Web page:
I used to spend a lot of time on RMMGA (rec.music.makers.guitar.acoustic), and this group of guitar folks are setting up gatherings and meet-ups all the time, with people who never met before in person (until their first gathering). I've never attended any of these gatherings myself though, for several reasons, and one is that flying all over the world with guitar(s) is tricky and risky business, particularly if you fly economy. I've done that a few times when traveling in my job and it's always nerve-wrecking until you're through.

The ukulele seems to be much less demanding in many ways.. (not just the flying part.) I've played guitar for more than three decades but I'm not really much of a guitarist (and I don't do songs at all. Don't sing well, can't remember lyrics). With the ukulele there's still so much you can do - I think I would fit in much easier in a gathering of ukulele players, even with only weeks behind me with the ukulele.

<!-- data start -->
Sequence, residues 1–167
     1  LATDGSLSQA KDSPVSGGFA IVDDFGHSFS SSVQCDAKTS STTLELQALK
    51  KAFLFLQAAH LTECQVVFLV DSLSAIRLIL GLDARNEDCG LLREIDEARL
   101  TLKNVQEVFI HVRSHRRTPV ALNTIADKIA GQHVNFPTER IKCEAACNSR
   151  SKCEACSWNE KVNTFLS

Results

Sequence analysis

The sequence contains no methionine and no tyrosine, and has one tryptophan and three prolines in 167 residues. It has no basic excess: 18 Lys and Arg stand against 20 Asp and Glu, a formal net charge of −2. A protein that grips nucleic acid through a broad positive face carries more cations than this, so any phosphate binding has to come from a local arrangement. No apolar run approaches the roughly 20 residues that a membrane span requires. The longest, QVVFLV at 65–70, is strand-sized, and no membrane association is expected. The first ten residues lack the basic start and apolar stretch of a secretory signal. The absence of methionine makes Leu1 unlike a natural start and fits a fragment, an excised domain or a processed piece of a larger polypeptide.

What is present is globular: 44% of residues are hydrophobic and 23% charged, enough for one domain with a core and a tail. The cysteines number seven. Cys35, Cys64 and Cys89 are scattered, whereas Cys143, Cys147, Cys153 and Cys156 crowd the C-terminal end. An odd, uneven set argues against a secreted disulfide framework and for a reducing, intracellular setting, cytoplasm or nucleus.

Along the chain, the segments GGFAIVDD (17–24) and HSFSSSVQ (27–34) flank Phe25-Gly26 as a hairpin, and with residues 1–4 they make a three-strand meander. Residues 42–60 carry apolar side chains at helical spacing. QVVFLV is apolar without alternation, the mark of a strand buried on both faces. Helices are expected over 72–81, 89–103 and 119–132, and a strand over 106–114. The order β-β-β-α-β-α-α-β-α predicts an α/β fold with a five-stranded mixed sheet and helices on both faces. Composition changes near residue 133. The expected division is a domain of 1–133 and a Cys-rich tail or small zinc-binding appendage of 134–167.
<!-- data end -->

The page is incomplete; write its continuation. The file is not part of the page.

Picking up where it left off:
I should mention though that it was on RMMGA I first heard about the greatness of the ukulele, it was highly recommended by several RMMGA members that any guitarist should acquire a number of those (obviously RMMGA members are as strongly affected by GAS as any UU member is affected by UAS.. maybe even more, and thus only talk about instruments in multiples). This first came up years ago so it took quite a while before I actually bought my first ukulele - but it wasn't until recently that I could actually find any in shops at all.